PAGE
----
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The Golden Globes are finally giving women directors their due. But where's 'I May Destroy You'?

For the first time in the 77-year history of the award, more women than men are nominated for best director at the Golden Globes. Actually, it’s the only time more than one female director has ever been shortlisted for the prize. Just one, Barbra Streisand, has won the award — in 1984 for Yentl. But that could very well change this year, since three talented women are in the running, for helming some of the year’s most captivating films.

With their 2021 nominations, Emerald Fennell (Promising Young Woman), Regina King (One Night in Miami), and Chloe Zhao (Nomadland) join a distressingly tiny club. Just eight female directors have ever been recognized by the Globes, and they’ve been shut out of the race completely since 2015, when Ava DuVernay was nominated for Selma. The three women will be competing against David Fincher (Mank) and Aaron Sorkin (The Trial of the Chicago 7) at the later-than-normal awards on February 28.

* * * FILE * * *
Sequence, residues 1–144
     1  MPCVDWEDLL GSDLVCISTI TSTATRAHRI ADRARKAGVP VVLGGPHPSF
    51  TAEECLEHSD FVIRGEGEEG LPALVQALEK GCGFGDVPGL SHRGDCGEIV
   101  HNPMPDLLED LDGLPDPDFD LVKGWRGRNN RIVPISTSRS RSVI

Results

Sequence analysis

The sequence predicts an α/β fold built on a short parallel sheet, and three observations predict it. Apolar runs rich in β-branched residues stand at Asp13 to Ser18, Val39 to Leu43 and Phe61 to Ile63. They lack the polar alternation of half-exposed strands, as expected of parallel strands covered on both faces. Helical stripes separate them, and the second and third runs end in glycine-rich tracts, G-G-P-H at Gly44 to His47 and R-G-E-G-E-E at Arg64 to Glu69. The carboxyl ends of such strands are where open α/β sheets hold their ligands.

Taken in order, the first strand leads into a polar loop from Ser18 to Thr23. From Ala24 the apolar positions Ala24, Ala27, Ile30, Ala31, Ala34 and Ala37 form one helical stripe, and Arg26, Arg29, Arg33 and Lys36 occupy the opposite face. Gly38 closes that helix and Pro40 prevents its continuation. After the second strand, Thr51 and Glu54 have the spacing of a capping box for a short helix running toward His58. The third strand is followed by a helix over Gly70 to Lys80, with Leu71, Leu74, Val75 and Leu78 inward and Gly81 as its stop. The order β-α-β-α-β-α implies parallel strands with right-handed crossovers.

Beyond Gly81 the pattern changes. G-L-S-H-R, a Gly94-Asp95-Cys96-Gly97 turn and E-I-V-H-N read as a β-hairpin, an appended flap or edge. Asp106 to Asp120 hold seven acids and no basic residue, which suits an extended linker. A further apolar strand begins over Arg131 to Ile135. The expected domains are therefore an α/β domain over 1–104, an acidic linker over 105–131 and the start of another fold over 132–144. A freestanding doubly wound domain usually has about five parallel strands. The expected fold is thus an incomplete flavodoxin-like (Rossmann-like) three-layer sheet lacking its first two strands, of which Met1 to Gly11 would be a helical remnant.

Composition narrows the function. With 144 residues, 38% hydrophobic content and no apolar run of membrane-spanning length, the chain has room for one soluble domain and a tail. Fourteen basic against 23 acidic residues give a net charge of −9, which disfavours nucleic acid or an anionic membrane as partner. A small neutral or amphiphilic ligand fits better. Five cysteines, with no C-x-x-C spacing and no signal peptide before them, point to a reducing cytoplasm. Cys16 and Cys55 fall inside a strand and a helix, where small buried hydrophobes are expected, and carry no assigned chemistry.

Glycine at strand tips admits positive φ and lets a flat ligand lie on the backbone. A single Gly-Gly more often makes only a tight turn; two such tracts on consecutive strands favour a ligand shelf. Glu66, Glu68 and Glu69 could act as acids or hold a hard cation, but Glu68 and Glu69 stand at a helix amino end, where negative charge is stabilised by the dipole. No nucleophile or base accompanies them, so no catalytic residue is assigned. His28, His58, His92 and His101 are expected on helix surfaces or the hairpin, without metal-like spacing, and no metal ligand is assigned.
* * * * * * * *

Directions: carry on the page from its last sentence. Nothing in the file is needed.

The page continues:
The Oscars aren’t any better, for what it’s worth. Just five women have been nominated in the directing category in 92 years: Lina Wertmüller in 1976, Jane Campion in 1993, Sofia Coppola in 2003, Kathryn Bigelow in 2009, and Greta Gerwig in 2017. Just like the Globes, only one has ever taken home a statuette for her work behind the camera: Bigelow for The Hurt Locker.

Natalie Portman famously called out the Globes for its lack of diversity in 2018. While onstage presenting the award for best director, she snarked: “Here are the all-male nominees.” Her words and the power of movements like #TimesUp and #MeToo appear to have moved the needle a bit in the last three years. But that doesn’t mean all the 2021 nominations make sense. The most glaring omission? Not a single nod to Michaela Coel’s television masterpiece I May Destroy You. If it seems downright odd that the series that dominated the cultural discourse last year was completely snubbed — that’s because it is. Coel was summarily robbed.

Other than the history-making directing category, the rest of the Golden Globe nominations are kind of a snooze. Mank, Fincher’s film for Netflix about the making of Citizen Kane, leads in the film categories, while The Crown, also from Netflix, was the most nominated TV show.